West Germanic Relativization Strategies: Operators and Resumptive Pronouns
Hans den Besten
|University of Amsterdam|
It is commonly assumed that relativization through WH-Movement and relativization by means of resumptive pronouns complement one another and constitute a minor +/-WH parameter in the broader field of relativization strategies -- the main reason being that resumptive pronoun languages do not (seem to) evidence subjacency effects. Nevertheless this statement has to be qualified in that there are +WH languages (such as nonstandard English) that resort to resumptive pronouns to remedy subjacency effects, while -WH languages may evidence gaps. Cf. Modern Hebrew "ha-ish she 'ani ohevet ('oto)" = 'the-man that I love.F (him)'.
West Germanic relativization on the whole seems to involve the WH Movement strategy (+/- empty operators), the sole exception being Yiddish, which seems to make use both of the WH Movement strategy (with overt WH elements) and of the resumptive pronoun strategy. However, also in the case of the latter strategy gaps are allowed. Cf. "der yid vos in Boston hobn mir *(im) gezen" ('the man WHAT in Boston have we *(him) seen') vs. "der yid vos mir hobn (im) gezen in Boston" ('the man WHAT we have (him) seen in Boston'). Also note the specialized complementizer "vos" ('what'), which in other West Germanic dialects signals an empty operator. However, also in indisputable WH Movement dialects (overt and 'hidden') resumptive pronouns can be found, due to short distance accessibility requirements regarding datives and possessives -- although it seems to be the case that even resumptive possessive pronouns are accessible in a limited sense.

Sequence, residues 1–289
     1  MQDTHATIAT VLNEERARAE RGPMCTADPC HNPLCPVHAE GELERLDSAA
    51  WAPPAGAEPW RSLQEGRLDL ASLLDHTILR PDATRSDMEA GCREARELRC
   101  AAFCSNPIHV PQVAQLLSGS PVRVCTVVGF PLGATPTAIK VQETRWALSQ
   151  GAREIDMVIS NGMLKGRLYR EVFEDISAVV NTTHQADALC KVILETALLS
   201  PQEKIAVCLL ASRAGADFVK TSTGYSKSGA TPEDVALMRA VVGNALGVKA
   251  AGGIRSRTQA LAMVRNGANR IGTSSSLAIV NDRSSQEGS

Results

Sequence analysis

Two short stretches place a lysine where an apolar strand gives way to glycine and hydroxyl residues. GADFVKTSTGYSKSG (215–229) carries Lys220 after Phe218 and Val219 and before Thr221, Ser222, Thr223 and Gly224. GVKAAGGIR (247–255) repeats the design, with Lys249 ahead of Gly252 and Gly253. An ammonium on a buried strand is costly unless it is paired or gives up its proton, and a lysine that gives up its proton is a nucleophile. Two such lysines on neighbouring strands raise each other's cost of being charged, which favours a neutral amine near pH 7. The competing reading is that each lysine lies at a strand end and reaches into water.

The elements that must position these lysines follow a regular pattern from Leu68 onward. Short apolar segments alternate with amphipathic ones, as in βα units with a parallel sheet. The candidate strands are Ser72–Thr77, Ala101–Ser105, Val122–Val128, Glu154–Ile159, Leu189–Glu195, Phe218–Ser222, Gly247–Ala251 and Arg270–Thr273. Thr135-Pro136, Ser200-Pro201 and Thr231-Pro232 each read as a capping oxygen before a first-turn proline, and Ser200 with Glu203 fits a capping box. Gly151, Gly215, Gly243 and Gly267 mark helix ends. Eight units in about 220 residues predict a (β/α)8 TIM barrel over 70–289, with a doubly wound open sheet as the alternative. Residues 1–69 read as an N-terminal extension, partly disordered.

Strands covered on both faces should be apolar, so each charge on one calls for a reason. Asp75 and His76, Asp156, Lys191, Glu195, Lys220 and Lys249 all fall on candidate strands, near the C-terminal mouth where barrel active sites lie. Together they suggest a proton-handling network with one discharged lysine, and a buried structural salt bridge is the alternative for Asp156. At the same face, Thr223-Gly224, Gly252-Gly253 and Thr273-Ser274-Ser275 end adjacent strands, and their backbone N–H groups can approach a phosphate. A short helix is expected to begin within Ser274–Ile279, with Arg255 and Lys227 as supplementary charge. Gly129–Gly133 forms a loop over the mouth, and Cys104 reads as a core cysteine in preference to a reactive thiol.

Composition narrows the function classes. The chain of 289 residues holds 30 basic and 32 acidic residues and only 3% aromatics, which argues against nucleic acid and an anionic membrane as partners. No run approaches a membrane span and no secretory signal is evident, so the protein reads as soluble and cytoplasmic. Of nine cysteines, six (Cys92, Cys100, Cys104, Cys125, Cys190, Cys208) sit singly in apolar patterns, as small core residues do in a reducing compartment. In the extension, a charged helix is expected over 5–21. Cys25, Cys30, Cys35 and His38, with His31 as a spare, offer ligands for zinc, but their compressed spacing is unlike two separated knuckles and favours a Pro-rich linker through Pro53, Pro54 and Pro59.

Therefore, it is questionable whether the traditional distinction between the above-mentioned relativization strategies can be upheld.
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